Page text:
Free eye examination for people at risk of AMD, diabetic retinopathy and glaucoma
The Centre for Eye Health in Sydney (Australia), an initiative of Guide Dogs NSW/ACT and The University of New South Wales, provides state-of-the-art eye imaging and visual system diagnostic services to the general community, at no charge. A major goal of CFEH is to perform detailed eye examinations for individuals particularly at risk of glaucoma, diabetic retinal disease and age-related macular degeneration. Early diagnosis means the earliest possible intervention to prevent or minimise long-term vision loss. To visit CFEH, you just need a referral from your optometrist or ophthalmologist.
Dietary factors are known risk factors for age-related macular degeneration. In ‘Food for Thought’ (May 2006) we reported on research suggesting that the quality of the carbohydrates you eat may help to bring it on — or hold it off. A 2008 study published in the American Journal of Clinical Nutrition confirms that it would be a good idea to make a low GI diet part of any AMD prevention plan along with foods you already know about such as dark green leafy vegetables, a variety of fruits (all different colours) and fish. Prof. Paul Mitchell from Sydney University’s Department of Ophthalmology says the prospective population based study shows that a high GI diet is a risk factor for early AMD – the recognized precursor of sight-threatening late AMD. ‘Low-glycemic-index foods such as oatmeal may protect against early AMD,’ say the researchers in their conclusion.
The results of this earlier Australian study have been backed up by a recent review. There are a number of reasons why high GI diets may increase the risk of the development of AMD, says Dr Alan Barclay "high post-meal blood glucose levels and high average blood glucose levels lead to increased glycation of proteins within the eye, increased oxidative stress, increased blood pressure, activation of protein kinase C, and direct gluco-toxic effects on the retina itself".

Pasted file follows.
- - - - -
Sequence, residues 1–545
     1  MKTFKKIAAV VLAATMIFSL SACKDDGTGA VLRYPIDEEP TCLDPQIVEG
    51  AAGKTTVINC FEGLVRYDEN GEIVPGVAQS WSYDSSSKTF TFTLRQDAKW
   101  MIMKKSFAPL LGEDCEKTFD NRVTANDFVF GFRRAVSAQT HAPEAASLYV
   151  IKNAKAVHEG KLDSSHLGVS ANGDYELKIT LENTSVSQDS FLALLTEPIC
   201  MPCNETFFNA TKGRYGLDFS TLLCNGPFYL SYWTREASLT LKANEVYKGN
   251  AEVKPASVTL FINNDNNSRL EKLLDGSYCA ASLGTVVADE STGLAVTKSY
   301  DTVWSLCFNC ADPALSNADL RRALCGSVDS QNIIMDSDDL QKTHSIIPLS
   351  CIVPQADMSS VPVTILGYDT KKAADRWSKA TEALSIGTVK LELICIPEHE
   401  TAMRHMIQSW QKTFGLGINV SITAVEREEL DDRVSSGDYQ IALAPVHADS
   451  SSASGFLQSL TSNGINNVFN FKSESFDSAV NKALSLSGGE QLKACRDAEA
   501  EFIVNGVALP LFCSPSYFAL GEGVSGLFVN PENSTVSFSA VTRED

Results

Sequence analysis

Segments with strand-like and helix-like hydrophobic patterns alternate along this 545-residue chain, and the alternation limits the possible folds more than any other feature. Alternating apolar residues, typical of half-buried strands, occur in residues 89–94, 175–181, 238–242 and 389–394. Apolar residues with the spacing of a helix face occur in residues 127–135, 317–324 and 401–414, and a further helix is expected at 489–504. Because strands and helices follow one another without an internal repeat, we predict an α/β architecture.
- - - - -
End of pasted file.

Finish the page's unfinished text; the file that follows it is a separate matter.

Low blood glucose affects food cravings
A small but interesting study in The Journal of Clinical Investigation reports that we lose our ability to control desire and feel an increased urge to eat when our blood glucose levels drop. The researchers from Yale University School of Medicine and the University of Southern California Keck School of Medicine showed 14 healthy participants high and low calorie foods (from cake and ice-cream to tofu, fruit and vegetables) and non-food images and measured how seeing these images related to their desire for food and their brain activity under varying blood glucose conditions. Using scans to detect brain activity following a drop in participants’ BGLs, they then compared the results of the scans to the participants’ stated desires to eat different foods. They found that small drops in blood glucose activated the region of the brain that produces a desire to eat, while adequate levels of blood glucose activated the region of the brain that controls impulses. You can read the NHS Choices appraisal of the study HERE.